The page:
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Attaining Capital Gains Treatment in a Related-Party Condominium Conversion Sale  

Author:  Michael F. Lynch, J.D., C.P.A..; Nicholas C. Lynch, Ph.D..

Source: Volume 27, Number 03, Spring 2010 , pp.79-92(14)

Journal of Taxation of Investments

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If the owner of an apartment complex decides to sell the entire unit, the gain on the sale of the investment property would normally be treated as a long-term capital gain under Code Section 12311 and be taxed at 15 percent (after applying the 25 percent rate for any “unrecaptured Section 1250 gain,” i.e., the gain that would have been depreciation recapture if Section 1250 applied the same rules for real property that apply for depreciable personal property). On the other hand, if the owner of the building is in the business of selling real estate in the ordinary course of business, then each individual sale of real estate would be taxed as ordinary income at a rate as high as 35 percent. But what would be the tax consequences of converting an apartment building into individual condominium units and then offering each unit for sale separately? Would the seller get capital gains treatment because investment property that has been held for many years is now being disposed of in pieces? Or would the seller now be deemed a dealer in real estate and be subject to the ordinary income rates? In general, a real estate dealer is an individual who is engaged in the business of selling real estate to customers with a view to the profits that may be derived from such sales. On the other hand, an individual who merely holds real estate for investment or speculation purposes and receives rentals is not considered a real estate dealer.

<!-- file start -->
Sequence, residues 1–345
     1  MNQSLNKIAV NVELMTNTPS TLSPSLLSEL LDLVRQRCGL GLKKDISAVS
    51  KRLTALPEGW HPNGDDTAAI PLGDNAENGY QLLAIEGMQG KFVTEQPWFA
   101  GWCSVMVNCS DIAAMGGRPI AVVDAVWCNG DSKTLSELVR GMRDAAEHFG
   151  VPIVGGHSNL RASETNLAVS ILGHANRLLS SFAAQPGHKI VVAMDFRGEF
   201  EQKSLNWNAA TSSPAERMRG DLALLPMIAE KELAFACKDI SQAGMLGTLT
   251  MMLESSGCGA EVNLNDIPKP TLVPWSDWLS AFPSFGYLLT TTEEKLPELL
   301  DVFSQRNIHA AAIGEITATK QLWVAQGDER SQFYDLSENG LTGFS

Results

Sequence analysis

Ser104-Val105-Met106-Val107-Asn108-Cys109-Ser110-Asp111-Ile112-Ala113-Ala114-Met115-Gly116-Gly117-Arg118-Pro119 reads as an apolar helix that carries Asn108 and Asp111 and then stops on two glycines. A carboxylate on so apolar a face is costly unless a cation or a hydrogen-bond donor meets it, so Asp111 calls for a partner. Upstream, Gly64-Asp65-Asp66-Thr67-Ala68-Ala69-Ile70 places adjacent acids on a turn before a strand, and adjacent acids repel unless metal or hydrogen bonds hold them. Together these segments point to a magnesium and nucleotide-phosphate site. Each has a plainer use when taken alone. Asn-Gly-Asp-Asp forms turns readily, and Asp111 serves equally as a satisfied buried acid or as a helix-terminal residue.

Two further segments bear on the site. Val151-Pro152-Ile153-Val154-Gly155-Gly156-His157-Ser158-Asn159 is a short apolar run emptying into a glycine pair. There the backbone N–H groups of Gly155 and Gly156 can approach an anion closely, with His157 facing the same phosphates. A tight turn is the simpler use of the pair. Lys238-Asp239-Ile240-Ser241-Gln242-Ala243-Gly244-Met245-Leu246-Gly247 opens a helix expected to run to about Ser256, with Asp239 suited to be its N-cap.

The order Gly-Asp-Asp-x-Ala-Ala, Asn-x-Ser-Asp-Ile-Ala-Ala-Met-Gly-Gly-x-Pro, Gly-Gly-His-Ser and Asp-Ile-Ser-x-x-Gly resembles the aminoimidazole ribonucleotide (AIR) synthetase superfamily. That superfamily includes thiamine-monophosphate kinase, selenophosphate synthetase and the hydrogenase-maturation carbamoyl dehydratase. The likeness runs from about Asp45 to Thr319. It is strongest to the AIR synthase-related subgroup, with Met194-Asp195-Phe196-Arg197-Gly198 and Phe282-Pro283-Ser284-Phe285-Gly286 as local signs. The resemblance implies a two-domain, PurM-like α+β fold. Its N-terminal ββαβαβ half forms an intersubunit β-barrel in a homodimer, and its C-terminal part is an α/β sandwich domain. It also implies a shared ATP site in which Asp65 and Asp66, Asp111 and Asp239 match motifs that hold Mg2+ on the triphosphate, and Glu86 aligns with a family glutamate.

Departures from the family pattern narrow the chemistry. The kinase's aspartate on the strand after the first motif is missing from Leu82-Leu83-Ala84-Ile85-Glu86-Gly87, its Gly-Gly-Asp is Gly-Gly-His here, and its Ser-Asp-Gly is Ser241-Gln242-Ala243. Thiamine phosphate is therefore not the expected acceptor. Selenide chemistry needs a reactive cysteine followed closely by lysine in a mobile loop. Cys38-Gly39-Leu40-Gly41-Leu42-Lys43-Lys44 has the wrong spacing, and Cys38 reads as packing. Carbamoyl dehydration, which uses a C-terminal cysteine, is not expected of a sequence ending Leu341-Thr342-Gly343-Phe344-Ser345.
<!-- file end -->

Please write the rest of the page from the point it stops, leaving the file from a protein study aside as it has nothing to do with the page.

Affiliations:  1: Director of Graduate Tax Studies, Bryant University; 2: Georgia Southern University.

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